The Tomatometer rating – based on the published opinions of hundreds of film and television critics – is a trusted measurement of movie and TV programming quality for millions of moviegoers. It represents the percentage of professional critic reviews that are positive for a given film or television show.
From the Critics
From RT Users Like You!
The Tomatometer is 60% or higher.
The Tomatometer is 59% or lower.
Movies and TV shows are Certified Fresh with a steady Tomatometer of 75% or higher after a set amount of reviews (80 for wide-release movies, 40 for limited-release movies, 20 for TV shows), including 5 reviews from Top Critics.
Percentage of users who rate a movie or TV show positively.
In a sense, Woody Allen lets himself off the hook by having his character hold back from adultery, and even seem the victim of Mia Farrow's character. But this is not a smug movie, and much the better for it.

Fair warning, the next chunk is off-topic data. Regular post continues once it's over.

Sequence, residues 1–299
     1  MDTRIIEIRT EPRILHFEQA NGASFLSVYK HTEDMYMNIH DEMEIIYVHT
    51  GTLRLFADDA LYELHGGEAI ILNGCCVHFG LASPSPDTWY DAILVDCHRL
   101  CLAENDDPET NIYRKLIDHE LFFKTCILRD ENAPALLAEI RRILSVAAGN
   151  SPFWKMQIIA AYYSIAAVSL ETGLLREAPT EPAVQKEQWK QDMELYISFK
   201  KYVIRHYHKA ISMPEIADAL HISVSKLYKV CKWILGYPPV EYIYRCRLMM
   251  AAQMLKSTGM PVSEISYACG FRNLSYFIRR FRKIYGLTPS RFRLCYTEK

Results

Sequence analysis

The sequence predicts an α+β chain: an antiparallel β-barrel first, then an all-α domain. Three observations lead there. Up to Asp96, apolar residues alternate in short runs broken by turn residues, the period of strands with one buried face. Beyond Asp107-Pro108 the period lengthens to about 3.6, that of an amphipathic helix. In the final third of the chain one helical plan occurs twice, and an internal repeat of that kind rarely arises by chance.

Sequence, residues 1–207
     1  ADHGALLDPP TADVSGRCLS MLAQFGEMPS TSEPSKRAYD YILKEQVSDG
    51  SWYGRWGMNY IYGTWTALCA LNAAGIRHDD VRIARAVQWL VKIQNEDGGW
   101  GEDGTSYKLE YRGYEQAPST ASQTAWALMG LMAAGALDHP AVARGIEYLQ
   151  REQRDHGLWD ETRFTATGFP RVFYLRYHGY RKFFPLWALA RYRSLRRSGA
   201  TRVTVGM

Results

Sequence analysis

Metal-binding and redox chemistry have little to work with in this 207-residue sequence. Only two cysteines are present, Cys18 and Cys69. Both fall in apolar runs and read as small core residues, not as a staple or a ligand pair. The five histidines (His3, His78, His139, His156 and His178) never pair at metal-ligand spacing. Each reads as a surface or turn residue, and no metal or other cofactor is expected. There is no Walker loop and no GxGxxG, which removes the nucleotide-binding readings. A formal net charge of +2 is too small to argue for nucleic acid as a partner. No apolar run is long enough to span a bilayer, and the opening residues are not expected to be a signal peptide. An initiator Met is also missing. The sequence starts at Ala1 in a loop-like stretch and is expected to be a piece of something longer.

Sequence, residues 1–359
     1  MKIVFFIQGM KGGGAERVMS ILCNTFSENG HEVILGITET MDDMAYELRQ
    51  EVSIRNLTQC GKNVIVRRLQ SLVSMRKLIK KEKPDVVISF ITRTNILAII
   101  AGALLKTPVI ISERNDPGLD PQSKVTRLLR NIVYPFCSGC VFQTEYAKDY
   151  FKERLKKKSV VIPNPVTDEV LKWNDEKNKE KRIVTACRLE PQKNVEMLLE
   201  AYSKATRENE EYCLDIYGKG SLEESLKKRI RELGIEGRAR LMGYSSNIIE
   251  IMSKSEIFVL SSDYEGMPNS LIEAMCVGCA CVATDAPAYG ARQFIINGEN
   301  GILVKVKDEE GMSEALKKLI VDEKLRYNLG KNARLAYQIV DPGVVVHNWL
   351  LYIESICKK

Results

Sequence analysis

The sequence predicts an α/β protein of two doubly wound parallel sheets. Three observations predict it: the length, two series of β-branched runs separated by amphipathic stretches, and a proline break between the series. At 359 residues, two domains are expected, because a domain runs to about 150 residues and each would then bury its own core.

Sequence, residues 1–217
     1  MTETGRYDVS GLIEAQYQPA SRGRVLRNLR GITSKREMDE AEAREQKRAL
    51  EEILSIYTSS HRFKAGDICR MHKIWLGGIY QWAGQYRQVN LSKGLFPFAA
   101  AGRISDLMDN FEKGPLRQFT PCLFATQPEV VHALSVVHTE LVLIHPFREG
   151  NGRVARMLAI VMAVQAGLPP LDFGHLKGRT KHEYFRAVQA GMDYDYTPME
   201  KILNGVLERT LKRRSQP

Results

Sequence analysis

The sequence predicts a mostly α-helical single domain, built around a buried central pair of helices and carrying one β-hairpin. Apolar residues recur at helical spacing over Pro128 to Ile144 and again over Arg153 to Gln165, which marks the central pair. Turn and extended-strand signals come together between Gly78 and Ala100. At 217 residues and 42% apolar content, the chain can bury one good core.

Allen's conception of character is as banal and shallow as ever, but the lively performances of some of his actors and the novelty of the film's style make this more watchable than many of his features.
It doesn't suffer from the compulsive tidiness of some of Allen's later movies -- the juices are flowing, the hysteria is closer to the surface -- and in this looser, more volatile atmosphere his extraordinary cast gets to soar.
Too bad that the Allen-Farrow scandal erupted before this movie for it's one of Allen's best serio comedies with wonderful performances (particularly Judy Davis), but questions of life imitating art or art imitating life are inevitable while watching it
This is one of Woody Allen's best films to date, combining some of his finest serious writing about relationships, in the style of Hannah and her Sisters, with humor that's all the more effective thanks to its dark, edgy context.